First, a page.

UnitedHealthcare came under fire from the AHA and other healthcare organizations in 2021 over its attempts to reform its emergency care coverage. The payer unveiled a policy that would allow it to deny coverage of emergency room visits if an internal investigation found the condition did not require emergent care.
The payer later announced it would delay integrating the policy after receiving feedback from providers, but some groups, including the Federation of American Hospitals, demanded UnitedHealthcare permanently rescind the policy.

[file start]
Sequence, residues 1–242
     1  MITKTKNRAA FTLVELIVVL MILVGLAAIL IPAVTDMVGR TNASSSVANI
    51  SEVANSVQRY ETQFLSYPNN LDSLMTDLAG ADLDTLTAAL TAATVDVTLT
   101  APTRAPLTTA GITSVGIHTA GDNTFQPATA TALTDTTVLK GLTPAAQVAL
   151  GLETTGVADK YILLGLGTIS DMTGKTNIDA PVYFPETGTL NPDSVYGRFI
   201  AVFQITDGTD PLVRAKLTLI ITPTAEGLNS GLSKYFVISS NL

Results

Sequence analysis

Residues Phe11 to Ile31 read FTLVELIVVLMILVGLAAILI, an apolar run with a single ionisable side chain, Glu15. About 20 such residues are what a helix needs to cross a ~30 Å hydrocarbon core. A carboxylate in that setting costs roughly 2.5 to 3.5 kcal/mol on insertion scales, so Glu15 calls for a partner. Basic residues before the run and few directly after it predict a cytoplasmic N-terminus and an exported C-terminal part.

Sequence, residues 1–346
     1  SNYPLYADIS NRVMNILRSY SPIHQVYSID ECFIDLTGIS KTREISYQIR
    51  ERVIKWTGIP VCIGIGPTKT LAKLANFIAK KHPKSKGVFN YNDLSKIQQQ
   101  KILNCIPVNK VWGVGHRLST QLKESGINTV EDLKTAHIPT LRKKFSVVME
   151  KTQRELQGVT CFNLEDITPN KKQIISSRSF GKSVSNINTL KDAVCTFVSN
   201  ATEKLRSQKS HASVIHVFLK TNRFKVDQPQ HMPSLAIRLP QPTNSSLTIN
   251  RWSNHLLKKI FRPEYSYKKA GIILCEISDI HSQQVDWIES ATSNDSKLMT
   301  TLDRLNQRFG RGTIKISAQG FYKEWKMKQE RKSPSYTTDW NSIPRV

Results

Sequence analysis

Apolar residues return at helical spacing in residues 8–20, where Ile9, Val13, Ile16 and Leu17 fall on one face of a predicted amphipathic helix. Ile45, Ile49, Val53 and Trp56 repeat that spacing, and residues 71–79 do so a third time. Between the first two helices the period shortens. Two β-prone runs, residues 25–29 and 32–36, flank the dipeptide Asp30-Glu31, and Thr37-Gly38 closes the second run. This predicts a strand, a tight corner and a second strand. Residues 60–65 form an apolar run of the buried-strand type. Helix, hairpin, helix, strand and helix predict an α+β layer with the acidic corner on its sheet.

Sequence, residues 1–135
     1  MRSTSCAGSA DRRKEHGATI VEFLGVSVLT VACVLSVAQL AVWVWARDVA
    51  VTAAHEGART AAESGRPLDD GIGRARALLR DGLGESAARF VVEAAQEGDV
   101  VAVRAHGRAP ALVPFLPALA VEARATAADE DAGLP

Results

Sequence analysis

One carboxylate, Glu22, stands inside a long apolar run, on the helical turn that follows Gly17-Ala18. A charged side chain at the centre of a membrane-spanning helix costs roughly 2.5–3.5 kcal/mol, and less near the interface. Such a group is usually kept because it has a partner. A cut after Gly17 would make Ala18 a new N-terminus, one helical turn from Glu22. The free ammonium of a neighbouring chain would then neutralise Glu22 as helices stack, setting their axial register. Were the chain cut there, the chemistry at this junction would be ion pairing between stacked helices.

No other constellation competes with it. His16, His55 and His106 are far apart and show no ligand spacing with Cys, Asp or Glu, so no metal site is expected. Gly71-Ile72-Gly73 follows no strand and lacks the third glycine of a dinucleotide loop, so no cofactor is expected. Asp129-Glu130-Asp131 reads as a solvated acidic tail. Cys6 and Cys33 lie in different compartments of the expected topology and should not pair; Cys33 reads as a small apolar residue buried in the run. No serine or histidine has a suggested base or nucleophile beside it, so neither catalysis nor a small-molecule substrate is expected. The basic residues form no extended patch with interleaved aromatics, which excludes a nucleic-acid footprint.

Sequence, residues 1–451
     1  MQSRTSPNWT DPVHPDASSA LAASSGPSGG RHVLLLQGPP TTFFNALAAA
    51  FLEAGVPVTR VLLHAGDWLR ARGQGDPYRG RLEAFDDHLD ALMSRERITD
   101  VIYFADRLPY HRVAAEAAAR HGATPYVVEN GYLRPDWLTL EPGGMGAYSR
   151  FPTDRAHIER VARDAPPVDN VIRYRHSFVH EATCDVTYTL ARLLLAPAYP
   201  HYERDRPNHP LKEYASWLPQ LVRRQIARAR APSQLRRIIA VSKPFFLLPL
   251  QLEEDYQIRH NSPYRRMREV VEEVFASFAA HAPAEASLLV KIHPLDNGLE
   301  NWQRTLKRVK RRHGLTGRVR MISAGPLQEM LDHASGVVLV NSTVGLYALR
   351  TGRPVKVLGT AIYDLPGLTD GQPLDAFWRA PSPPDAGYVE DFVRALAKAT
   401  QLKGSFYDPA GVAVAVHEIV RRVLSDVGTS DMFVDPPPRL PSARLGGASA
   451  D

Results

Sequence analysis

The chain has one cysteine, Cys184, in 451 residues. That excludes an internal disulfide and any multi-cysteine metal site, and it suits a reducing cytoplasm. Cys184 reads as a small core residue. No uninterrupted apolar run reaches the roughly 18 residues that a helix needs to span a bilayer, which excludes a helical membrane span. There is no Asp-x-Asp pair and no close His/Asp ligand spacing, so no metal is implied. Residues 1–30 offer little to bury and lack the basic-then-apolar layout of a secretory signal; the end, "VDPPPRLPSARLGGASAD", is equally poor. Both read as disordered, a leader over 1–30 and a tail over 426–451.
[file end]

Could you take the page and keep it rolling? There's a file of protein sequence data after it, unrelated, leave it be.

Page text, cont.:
AHA described similar fears in a Dec. 29 bulletin, claiming UnitedHealthcare sought to go forward with changes to its emergency coverage criteria and expressed its disapproval of the policy. According to the bulletin, the payer would have allegedly rolled out the changes Jan. 1.
However, in a Dec. 30 letter responding to AHA, Mr. Thompson said UnitedHealthcare would not be making any changes to its policies.
"Our intention to align coverage definitions with the new guidance created confusion rather than clarifying matters," he wrote. "To reiterate, there is no new policy regarding coverage criteria for emergency care being implemented on Jan. 1, 2022. Further, UnitedHealthcare has no intention of implementing any such new policy for its fully insured business."
An AHA spokesperson told Becker's that it takes UnitedHealthcare at its word that the organization misinterpreted the payer's language.